With the Spanish governor Estevan Miro, who succeeded Galvez in 1785, James Wilkinson of Kentucky, arrested at New Orleans with a flat-boat of supplies in 1787, intrigued, promising him that Kentucky would secede from the United States and would join the Spanish; but Wilkinson was unsuccessful in his efforts to carry out this plan.
At the same time he practically told the Senate that the South would secede in the event of the election of a radical Republican to the presidency; and on the 10th of January 1861, not long after the election of Lincoln, he argued before that body the constitutional right of secession and declared that the treatment of the South had become such that it could no longer remain in the Union without being degraded.
From the same usage is derived the shorter political term "cave" for any body of men who secede from their party on some special subject.
The first to secede were the land powers of Greece proper, whose subordination Athens had endeavoured to guarantee by supporting the democratic parties in the various states.
Certain commercial interests of New York City favoured the Confederate cause, but MayorWood's suggestion that the city (with Long Island and Staten Island) secede and form a free-city received scant support, and after the san ' James Fenimore Cooper's novels Satanstoe (1845), The Chainbearer (1845) and The Redskins (1846) preach the anti-rent doctrine.
At the outbreak of the war he favoured allowing the Southern states to secede, provided a majority of their people at a fair election should so decide, declaring "that he hoped never to live in a Republic whereof one section was pinned to the other by bayonets."
Against the emperor William I., of Germany, in a letter which has since become famous - every Christian, whether he will or no, belongs to that Church by baptism, and is consequently pledged to obey her, and, on the other hand, since the state lies under the obligation to place the " secular arm " at her disposal whenever one of her members wishes to secede, the most far-reaching consequences result.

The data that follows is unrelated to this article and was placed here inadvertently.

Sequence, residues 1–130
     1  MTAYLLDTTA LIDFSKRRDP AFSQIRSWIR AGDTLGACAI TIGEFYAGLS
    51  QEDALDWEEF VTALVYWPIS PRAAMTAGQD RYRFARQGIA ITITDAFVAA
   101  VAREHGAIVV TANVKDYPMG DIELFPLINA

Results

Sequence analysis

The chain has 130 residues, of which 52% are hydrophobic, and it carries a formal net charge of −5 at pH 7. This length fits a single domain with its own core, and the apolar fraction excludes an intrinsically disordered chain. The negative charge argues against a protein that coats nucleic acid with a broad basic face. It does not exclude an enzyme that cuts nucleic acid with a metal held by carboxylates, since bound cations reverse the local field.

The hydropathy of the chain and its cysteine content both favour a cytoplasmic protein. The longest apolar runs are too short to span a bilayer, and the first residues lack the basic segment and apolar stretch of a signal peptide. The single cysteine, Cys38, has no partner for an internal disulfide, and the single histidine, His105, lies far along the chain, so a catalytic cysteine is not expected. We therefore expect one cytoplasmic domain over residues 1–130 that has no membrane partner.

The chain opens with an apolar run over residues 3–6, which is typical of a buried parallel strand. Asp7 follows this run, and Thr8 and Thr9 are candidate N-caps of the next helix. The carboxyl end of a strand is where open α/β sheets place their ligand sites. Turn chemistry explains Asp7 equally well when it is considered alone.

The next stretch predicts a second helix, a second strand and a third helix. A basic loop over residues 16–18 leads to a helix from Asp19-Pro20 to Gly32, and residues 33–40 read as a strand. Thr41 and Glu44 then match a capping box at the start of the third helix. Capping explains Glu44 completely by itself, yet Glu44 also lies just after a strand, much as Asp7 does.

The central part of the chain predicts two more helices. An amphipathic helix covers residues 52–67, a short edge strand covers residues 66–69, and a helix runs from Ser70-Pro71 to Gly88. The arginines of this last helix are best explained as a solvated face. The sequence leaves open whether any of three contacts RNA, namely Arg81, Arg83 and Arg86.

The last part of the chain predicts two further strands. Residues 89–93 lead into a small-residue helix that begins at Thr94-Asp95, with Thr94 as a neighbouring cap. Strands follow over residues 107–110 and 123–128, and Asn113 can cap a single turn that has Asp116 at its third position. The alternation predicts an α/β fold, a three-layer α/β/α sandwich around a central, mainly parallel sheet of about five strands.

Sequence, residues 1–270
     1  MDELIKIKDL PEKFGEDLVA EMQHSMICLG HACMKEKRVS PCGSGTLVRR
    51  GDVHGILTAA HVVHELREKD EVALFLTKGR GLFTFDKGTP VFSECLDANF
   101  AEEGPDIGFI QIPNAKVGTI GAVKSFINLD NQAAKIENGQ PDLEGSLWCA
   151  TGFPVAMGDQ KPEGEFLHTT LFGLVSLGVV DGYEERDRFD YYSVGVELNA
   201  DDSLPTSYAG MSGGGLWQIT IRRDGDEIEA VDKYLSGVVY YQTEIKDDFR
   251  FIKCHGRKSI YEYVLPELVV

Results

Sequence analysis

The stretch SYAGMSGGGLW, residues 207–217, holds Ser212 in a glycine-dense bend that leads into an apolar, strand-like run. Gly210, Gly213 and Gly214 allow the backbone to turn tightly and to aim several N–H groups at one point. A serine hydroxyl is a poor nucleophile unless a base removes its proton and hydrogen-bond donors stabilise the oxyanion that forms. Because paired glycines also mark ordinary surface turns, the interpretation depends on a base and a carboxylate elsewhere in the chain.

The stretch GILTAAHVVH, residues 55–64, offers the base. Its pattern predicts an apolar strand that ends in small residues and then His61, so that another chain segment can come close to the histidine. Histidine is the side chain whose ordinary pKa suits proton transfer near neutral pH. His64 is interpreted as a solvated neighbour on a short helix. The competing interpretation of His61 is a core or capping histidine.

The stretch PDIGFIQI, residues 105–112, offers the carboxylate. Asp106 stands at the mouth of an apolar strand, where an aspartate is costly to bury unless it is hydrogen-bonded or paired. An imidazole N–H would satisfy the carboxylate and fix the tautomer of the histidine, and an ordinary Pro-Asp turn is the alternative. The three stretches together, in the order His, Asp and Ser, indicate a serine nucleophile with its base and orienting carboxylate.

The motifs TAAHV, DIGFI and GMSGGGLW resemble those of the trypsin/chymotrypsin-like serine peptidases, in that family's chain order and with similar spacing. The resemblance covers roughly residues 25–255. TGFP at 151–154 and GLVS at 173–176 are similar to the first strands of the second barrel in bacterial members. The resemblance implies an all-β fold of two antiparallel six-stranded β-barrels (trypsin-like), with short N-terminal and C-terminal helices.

Those which were retained have been to some extent diminished by the I4th and 15th amendments to the Constitution, and if the right to secede from the Union ever existed (a point much controverted), it was finally negatived by the Civil War of 186165.
To secede is a sovereign right; secession, therefore, is based on the theory that the sovereignty of the individual states forming a confederacy or federal union has not been absorbed into a single new sovereignty.
The right to secede was based, the secessionists claimed, upon the fact that each state was sovereign, becoming so by successful revolution against England; there had been no political connexion between the colonies; the treaty of 1783 recognized them "as free, sovereign and independent states"; this sovereignty was recognized in the Articles of Confederation, and not surrendered, they asserted, under the Constitution; the Union of 1787 was really formed by a secession from the Union of 1776-1787.
Two early commentators on the Constitution, St George Tucker in 1803 and William Rawle in 1825, declared that the sovereign states might secede at will.
(For an account of his administration see United States: History.) During the campaign radical leaders in the South frequently asserted that the success of the Republicans at the polls would mean that the rights of the slave-holding states under the Federal constitution, as interpreted by them, would no longer be respected by the North, and that, if Lincoln were elected, it would be the duty of these slave-holding states to secede from the Union.
He argued that a state had no legal right to secede, but denied that the federal government had any power forcibly to prevent it.
While it lasted Nicaragua was the scene of continual bloodshed, caused partly by its attempts to secede from the confederacy, partly by its wars with Costa Rica for the possession of the disputed territory of Guanacaste between the great lake and the Gulf of Nicoya, partly also by the bitter rivalries of the cities of Leon and Granada, respective headquarters of the Liberal and Conservative parties.